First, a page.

The supermarket chain Tesco criticised by some for including a Muslim family in its Christmas advertising last month.
Some Twitter users were "offended" and felt the inclusion was "wrong", reported The Independent.
History, however, is not on the side of those who think that Muslims should not be included at Christmas time.
Al Jazeera recently reported that some Muslims celebrated Christmas in Britain as far back as the 19th century.
England's first mosque, founded by Imam William Henry "Abdullah" Quilliam in 1887 in Liverpool, enjoyed its first Christmas day in 1888.
Picture: Abdullah Quilliam, who converted to Islam in 1887, founded Britain's first mosque
The Muslim community embraced the charitable side of the season, that some feel is lost today, by inviting over 100 poor people to enjoy Christmas breakfast inside the mosque.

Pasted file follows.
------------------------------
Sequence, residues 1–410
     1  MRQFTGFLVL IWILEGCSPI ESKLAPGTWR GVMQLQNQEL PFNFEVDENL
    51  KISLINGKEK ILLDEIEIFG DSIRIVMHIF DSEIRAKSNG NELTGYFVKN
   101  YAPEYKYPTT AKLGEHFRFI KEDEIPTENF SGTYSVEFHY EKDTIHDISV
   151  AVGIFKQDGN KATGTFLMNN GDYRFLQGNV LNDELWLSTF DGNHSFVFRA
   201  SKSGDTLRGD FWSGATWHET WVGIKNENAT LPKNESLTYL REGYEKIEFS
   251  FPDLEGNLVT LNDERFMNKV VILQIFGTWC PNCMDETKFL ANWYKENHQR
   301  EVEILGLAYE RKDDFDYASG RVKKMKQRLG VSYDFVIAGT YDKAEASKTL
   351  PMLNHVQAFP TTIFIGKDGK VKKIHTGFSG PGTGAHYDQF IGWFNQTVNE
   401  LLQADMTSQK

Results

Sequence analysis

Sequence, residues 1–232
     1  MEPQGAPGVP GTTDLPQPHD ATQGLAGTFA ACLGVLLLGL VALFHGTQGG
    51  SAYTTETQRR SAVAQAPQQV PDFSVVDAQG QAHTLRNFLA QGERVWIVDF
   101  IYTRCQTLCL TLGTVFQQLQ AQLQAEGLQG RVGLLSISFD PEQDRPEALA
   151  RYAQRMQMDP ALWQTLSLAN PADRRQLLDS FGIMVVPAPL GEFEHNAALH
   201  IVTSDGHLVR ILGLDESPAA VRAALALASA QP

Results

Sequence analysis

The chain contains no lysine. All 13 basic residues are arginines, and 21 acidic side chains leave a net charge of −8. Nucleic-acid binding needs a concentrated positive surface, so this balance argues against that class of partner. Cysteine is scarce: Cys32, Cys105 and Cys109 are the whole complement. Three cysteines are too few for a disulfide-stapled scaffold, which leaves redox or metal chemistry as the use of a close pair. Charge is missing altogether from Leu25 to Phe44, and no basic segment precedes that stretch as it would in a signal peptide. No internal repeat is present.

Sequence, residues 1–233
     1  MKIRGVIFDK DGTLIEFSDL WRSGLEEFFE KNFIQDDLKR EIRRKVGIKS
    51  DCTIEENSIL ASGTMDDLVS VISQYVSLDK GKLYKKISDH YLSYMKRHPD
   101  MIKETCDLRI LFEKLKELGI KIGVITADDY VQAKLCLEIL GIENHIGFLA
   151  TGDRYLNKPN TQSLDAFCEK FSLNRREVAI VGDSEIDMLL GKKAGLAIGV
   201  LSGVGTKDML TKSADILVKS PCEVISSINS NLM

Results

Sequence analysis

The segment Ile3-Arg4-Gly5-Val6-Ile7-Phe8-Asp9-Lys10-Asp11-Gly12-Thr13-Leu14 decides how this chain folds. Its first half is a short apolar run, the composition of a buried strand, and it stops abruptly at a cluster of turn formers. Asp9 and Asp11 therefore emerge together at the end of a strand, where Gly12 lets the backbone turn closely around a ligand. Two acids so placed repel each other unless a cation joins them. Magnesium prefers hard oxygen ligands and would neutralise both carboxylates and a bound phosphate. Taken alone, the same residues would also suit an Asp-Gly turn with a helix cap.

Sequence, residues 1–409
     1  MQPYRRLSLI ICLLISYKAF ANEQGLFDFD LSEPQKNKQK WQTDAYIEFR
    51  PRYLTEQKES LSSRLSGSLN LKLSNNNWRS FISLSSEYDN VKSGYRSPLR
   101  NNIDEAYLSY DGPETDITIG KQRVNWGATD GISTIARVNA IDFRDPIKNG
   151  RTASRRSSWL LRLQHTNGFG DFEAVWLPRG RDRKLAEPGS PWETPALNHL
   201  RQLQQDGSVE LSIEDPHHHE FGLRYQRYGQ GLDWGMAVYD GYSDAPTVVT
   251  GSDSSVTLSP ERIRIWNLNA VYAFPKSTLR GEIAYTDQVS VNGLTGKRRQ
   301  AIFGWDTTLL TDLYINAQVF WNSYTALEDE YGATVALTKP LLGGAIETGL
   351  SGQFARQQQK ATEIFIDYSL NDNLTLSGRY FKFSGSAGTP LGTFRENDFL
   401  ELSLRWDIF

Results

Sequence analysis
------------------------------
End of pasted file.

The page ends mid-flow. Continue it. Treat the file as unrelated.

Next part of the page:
Hymns were sung praising the birth of Prophet Isa (or Jesus), food was shared and, by evening, numbers surged.
These descriptions are from The Crescent, Britain's first Muslim newspaper that was made available online by the Abdullah Quilliam Society and the British Library.
Muslim scholar Tim Winter told indy100 that the Victorian Muslims were celebrating Christmas in their own way.
Chapter Nineteen of the Qur’an is a long celebration of the Nativity of Christ; to the extent that Muslims read and revere this part of their revelation they are, in a sense, commemorating Christmas, although in a sober and reverent way, without the alcohol-fuelled revelry that Muslims often find inappropriate.